Jun 18, 2023

Written By Samuel Axford

The LNAT: Understanding the Format and Expectations

Jun 18, 2023

Written By Samuel Axford

The Law National Aptitude Test (LNAT) is a test offered to students looking to study law at undergraduate level. While the prospect of another exam may sound nerve racking, It is important to remember that only a handful of universities require this admissions test, and it is still viewed alongside the rest of your application.

What’s the format of the LNAT?

The LNAT examination is sat at an assessment centre, on a computer and split up into two Sections, a multiple-choice ‘Section A’ and a written essay exercise, ‘Section B’.

Section A

The first part of the LNAT will give you a series of 12 passages, with 42 multiple-choice questions to complete based on the passages. When completing this section, you have 95 minutes and are free to go back to check and change answers for the full 95 minutes. Once you have moved on to Section B, you cannot go back.

This section is not designed to test any existing knowledge of the law, but rather your ability to break down large passages to extract the most important information and make logical deductions. To help prepare, it’s a good idea to take practice exams, so you know what style of reasoning they expect from you.

Section A is marked out of 42 and the result from Section A will be known as your LNAT score. This is marked independently by the LNAT examiners and will be sent directly to you after your test.

Section B

Once you confirm the submission of Section A, you will have a further 40 minutes to complete Section B. In this part, you will have three essay questions to choose from, and will choose three to complete. These questions will be on a range of current affairs topics, to enable applicants to produce their best work.

The idea is to express your viewpoint clearly and effectively, to show that you have considered both sides of the argument, but ultimately landed on one side definitively and convincingly.

For this section, it is important to practise writing in timed conditions, as you will not be able to revise or prepare in the same way you would for an A-level subject. Being confident in choosing a topic, planning, writing, and then proofreading all within 40 minutes is vital, so be sure to practise in timed conditions.

Section B is not marked by the LNAT examining board, but is sent to the universities you’ve applied to for them to read it. This means that you will not get your Section B score back when you get your LNAT score.

What LNAT score do I need?

Whilst every university will have different expectations for students, the national average LNAT score has sat around the low 20s for the past few years, being 20.8 out of 42 in the 2021/2022 cycle. For those wishing to apply to Oxbridge, the average Oxford test score of successful applicants was 27.03.

It is also important to remember that the LNAT score is only Section A. In Section B, the average for Oxford students in that same year sat around 63.52%, with the university often placing a higher emphasis on the written work.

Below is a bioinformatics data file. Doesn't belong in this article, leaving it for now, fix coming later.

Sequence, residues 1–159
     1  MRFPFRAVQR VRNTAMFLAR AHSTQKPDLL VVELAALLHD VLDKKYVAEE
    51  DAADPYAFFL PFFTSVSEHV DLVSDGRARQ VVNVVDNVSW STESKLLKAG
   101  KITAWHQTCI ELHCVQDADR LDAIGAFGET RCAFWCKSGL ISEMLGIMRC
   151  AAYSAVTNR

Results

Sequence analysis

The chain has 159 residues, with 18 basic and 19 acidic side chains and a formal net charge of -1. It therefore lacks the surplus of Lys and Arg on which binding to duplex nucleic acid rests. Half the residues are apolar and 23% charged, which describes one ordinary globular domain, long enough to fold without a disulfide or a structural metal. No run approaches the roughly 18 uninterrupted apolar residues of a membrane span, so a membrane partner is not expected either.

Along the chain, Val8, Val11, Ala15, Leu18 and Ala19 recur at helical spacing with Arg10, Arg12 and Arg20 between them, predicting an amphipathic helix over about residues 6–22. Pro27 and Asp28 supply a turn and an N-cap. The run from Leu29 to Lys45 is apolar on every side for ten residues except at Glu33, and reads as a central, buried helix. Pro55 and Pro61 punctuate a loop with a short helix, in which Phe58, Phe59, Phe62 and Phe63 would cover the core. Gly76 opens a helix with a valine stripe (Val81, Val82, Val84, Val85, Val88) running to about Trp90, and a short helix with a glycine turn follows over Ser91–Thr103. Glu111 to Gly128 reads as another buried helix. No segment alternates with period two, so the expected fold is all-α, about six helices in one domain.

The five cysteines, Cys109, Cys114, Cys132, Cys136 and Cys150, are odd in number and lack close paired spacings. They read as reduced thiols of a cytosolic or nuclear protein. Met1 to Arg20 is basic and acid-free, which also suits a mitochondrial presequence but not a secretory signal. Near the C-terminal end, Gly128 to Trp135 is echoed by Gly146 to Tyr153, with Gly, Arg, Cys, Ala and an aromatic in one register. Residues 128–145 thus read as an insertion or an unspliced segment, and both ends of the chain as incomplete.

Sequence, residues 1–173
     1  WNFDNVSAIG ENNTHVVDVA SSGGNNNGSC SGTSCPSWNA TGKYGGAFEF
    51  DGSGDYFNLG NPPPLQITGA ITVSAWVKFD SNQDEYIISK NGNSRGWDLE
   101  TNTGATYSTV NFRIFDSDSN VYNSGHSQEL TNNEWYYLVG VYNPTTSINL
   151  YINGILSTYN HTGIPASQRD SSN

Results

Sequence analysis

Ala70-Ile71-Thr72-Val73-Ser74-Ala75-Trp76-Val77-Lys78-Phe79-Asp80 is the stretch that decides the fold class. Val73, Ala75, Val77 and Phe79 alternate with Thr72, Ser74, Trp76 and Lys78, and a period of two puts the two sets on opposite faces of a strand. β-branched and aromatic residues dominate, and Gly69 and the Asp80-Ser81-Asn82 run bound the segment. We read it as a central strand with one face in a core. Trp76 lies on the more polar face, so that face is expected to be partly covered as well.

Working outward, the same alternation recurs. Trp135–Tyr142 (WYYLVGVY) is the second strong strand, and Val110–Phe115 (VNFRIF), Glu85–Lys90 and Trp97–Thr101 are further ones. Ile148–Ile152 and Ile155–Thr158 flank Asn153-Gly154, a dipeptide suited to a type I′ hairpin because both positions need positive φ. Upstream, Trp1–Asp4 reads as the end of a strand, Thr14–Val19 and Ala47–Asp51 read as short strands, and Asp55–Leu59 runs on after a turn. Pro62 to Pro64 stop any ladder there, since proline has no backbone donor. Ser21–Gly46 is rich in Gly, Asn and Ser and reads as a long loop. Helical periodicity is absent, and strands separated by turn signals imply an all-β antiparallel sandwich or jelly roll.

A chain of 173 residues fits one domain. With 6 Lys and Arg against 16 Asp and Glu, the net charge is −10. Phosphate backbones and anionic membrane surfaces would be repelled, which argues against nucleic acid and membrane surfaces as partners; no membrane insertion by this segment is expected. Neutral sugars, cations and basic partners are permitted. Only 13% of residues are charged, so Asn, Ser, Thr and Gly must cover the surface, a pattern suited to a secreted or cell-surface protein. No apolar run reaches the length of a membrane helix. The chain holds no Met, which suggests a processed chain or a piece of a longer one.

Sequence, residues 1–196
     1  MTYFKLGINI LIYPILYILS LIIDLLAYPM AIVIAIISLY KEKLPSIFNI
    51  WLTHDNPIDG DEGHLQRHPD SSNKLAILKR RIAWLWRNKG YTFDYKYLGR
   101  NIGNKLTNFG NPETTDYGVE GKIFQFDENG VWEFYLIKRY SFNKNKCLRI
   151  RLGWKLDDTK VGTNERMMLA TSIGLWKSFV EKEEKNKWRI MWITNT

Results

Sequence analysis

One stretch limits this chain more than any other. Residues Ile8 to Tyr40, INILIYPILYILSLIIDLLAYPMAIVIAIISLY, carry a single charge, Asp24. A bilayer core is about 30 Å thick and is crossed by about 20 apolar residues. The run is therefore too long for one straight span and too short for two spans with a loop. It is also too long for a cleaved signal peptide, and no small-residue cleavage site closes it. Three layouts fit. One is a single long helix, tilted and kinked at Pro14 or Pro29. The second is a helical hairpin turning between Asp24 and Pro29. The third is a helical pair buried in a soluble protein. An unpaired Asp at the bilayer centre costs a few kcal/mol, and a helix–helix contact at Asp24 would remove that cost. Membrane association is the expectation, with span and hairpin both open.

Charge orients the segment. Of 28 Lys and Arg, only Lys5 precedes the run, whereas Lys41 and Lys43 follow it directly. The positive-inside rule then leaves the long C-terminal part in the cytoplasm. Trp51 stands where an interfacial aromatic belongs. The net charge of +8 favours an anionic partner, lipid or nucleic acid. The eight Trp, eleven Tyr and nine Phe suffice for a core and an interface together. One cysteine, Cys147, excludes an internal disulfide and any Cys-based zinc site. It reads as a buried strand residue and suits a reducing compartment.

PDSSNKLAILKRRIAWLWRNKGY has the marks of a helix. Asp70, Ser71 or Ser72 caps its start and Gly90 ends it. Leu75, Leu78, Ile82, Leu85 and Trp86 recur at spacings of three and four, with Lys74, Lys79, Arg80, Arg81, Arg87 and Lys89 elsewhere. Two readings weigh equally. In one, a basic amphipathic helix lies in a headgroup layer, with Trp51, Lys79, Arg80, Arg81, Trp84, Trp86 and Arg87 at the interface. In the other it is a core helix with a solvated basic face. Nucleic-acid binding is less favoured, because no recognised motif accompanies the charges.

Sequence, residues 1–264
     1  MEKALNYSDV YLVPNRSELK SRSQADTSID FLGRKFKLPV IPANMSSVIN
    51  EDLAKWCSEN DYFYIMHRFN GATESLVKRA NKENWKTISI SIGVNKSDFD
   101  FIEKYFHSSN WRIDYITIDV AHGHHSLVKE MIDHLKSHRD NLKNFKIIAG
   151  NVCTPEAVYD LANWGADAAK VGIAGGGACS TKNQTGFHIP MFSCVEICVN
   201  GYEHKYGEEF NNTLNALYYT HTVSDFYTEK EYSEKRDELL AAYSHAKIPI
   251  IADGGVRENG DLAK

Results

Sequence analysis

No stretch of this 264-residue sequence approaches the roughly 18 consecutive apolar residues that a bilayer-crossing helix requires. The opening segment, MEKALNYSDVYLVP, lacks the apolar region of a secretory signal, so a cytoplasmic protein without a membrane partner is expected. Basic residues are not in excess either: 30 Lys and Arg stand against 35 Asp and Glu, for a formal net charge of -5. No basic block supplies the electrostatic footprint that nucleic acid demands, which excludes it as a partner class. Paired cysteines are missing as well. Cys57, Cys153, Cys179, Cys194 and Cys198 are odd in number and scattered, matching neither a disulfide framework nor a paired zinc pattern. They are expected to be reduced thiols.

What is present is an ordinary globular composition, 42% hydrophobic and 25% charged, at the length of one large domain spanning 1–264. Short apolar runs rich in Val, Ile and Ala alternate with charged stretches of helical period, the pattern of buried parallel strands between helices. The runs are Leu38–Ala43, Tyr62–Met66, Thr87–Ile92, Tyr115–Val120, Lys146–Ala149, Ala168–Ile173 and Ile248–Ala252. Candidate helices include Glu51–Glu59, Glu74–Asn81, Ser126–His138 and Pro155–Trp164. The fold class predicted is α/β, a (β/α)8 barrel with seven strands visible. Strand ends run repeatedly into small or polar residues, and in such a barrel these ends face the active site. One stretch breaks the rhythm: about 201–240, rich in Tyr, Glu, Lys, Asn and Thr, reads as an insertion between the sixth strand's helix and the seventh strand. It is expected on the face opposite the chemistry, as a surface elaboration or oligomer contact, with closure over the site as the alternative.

If you are apprehensive about the test, it’s worth noting that a successful Oxford applicant got 16 out of 42. While you should put as much work you can into preparing, you should also remember that universities look at your application in its entirety, including the personal statement and interviews, if applicable.

Sitting the LNAT

The LNAT costs £75, or £120 if you’re taking it outside the UK or EU. However, there are bursaries available. It must be sat at one of the UK’s 50 assessment centres. For international students, there are a further 450 outside of the UK. On the assessment day, remember to take a form of ID with you to the test centre as they will need it to verify your identity.

The test itself is taken on a computer, with students in each cohort given a set starting time to begin. The test must then be completed within the allotted two hours and 15 minutes.

Registration to sit the LNAT for the 2023/24 application cycle will open on August 1, 2023, with the first test taking place on September 1st.

Oxbridge students will need to sit it by 16th October, but other universities will have their own deadlines. You can choose to sit it either before or after you submit your UCAS choices, but it is important to check the deadline for each university you apply to, as they vary between universities. The very latest it can be sat is 20th January 2024.

How to prepare

Being almost two decades old, there is a wealth of material to help you practise. For Section A, the LNAT website itself offers an online practice test, which simulates the style and layout, as well as the content of the exam.

Example Section B topics and questions can also be found on the LNAT website. However, it’s important to remember the strict 40-minute time limit when practising.

It’s also a good idea to read the news and op-eds regularly, to familiarise yourself with current affairs topics and practice analysing passages of information.


Should I be worried about the LNAT?

Whilst the LNAT is a challenging test, designed to push even the brightest student, it is important to remember that it is not the only deciding factor universities use when judging your application. There are also many universities that don’t request the LNAT.

Making sure you have a strong personal statement and can show a strong interest in law as a subject or profession is just as important.